Pushy Parents Delay Divorce


As primary school admissions open for the 2019 academic year, law firm JMW Solicitors says competition for places at top schools is causing parents to delay divorce for fear of losing homes in popular catchment areas.

The annual admissions process sees parents across the country scrambling to secure a place at top-rated primary schools, sometimes at any price, with rule breaking par for the course. Yet it’s also impacting parents’ happiness, with both husbands and wives choosing to stay put for fear of losing the family home and with it the prospect of a good education for their child.

In 2016, the Good Schools Guide wrote that UK state schools have improved so much that some private schools may go out of business. The 2019 Guide, published last week, showed that things have continued to improve, with church primaries challenging top fee-paying prep schools. However, while things are improving, the list of top flight state schools remains slim, meaning that desirable family homes within popular catchment areas can be hard to come by - and expensive. Homes close to popular schools cost on average £50,000 more.

Elspeth Kinder, Partner and Joint Head of Family Law at JMW Solicitors, said: “This is very much part of a wider thought process for parents who are considering divorce; both husbands and wives are often much more concerned with how their children will be affected, education often being a central concern.

“In recent years, competition has intensified for admission to top state schools - and for homes within the ‘right’ area as a result - leading to a rise in couples putting off divorce to avoid the sale of the family home. They experience feelings of intense guilt at the thought that no longer living within the right catchment area could dash their child’s hopes of admission to a particular school.”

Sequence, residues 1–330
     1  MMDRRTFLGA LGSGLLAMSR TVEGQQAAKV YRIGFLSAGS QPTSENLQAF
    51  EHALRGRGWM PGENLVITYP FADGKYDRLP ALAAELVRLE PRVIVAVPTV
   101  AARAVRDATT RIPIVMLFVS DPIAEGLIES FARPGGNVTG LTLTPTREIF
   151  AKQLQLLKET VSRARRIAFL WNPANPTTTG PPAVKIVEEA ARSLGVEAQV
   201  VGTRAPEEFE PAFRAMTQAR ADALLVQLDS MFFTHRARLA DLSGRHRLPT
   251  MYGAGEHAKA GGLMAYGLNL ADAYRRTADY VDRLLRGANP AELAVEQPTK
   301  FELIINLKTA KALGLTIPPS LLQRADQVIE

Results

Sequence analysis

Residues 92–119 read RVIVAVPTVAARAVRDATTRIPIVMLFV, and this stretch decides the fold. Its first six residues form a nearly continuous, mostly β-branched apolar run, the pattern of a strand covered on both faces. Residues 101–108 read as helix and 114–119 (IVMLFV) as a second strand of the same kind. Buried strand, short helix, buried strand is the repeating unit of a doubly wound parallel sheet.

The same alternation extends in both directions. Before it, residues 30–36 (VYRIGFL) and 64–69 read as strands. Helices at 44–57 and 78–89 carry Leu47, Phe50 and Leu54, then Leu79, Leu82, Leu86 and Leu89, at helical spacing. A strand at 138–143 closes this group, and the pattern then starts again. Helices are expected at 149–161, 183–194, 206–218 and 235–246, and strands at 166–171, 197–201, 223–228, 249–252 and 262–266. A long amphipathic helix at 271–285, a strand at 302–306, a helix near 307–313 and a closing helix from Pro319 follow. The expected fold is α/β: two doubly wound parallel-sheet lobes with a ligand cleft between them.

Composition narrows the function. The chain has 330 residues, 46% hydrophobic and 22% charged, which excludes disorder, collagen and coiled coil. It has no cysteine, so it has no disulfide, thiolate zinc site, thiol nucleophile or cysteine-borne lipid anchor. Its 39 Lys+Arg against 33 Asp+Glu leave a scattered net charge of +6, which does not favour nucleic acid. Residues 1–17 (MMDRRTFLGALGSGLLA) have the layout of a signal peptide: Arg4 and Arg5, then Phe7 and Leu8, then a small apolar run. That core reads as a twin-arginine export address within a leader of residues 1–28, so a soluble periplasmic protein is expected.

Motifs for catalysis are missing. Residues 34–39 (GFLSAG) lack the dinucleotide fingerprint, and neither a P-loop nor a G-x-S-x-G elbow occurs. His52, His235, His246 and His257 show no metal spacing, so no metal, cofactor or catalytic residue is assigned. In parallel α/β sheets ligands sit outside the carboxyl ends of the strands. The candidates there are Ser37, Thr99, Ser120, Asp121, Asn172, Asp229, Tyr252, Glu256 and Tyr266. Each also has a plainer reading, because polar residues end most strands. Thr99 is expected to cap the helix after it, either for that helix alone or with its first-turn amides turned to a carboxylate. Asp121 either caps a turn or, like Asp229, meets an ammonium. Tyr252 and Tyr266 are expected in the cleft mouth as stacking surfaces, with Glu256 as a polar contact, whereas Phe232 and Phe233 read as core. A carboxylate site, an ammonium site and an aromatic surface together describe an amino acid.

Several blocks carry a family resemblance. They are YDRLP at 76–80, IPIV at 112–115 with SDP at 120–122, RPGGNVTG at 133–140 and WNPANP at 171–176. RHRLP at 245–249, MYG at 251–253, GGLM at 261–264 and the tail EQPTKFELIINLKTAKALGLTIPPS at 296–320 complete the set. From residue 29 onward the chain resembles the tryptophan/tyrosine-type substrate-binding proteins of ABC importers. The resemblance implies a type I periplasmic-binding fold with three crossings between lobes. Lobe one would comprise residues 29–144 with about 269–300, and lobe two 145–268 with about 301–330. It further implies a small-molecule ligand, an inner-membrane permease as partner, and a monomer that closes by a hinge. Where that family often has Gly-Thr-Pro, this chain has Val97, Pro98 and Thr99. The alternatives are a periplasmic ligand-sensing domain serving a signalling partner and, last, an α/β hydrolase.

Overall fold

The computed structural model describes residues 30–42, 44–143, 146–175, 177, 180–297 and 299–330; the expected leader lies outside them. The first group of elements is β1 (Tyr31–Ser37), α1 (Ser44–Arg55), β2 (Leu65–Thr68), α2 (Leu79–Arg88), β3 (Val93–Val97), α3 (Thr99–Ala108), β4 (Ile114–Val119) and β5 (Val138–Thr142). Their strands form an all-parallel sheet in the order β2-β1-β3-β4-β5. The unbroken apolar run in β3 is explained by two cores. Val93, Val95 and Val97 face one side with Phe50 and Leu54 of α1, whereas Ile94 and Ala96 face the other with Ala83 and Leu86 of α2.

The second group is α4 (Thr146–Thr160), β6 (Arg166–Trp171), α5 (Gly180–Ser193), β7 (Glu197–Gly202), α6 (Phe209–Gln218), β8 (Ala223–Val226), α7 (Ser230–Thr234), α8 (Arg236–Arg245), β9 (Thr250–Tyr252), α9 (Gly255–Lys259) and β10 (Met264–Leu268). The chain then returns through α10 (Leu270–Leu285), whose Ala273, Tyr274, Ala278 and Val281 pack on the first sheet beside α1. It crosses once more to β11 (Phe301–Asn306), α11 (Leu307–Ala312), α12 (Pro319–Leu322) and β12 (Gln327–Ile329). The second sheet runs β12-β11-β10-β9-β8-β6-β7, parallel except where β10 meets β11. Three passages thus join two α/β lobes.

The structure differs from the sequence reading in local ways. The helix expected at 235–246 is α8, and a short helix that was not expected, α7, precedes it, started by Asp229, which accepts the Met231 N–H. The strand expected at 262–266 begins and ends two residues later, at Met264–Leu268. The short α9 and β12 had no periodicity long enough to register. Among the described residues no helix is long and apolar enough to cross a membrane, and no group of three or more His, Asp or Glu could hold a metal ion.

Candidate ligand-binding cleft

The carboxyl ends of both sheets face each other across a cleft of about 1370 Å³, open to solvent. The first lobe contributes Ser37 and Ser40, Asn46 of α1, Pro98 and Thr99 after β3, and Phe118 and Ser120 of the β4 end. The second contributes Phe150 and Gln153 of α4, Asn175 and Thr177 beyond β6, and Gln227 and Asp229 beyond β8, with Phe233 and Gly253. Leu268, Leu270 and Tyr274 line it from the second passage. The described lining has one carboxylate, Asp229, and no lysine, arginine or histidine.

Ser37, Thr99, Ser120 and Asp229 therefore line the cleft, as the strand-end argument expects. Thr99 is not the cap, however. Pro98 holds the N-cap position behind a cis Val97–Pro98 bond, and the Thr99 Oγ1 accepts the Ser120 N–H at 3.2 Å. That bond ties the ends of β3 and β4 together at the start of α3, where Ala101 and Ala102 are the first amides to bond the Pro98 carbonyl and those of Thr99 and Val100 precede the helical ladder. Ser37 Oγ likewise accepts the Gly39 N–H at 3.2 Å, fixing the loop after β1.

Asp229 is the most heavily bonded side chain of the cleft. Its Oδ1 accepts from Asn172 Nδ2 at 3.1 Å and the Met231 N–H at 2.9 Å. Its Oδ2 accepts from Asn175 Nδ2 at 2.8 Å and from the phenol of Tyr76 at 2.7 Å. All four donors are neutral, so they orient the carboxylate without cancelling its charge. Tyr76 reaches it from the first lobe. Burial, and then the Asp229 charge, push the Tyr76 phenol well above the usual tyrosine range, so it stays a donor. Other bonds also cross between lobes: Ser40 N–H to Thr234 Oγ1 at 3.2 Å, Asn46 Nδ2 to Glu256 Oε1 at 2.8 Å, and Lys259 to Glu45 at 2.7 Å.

She continued: “In my experience, parents’ worries about how their children will handle divorce are usually unfounded - when dealt with sensitively and with the utmost care, we find that children are incredibly resilient. In terms of school catchment, it is a real concern, but it’s something that is negotiated successfully in many cases, with the sale of the family home tempered by the requirement that a new home be found within the same area. The family home is usually the largest joint capital asset, so the judge will be focused on arriving at a solution that is fair to both parties, while taking the children’s best interests into account.

“It is possible to handle divorce constructively, with careful communication to limit the impact on children, while at the same time safeguarding their future - postponing the inevitable when a relationship has broken down very rarely ends well.”

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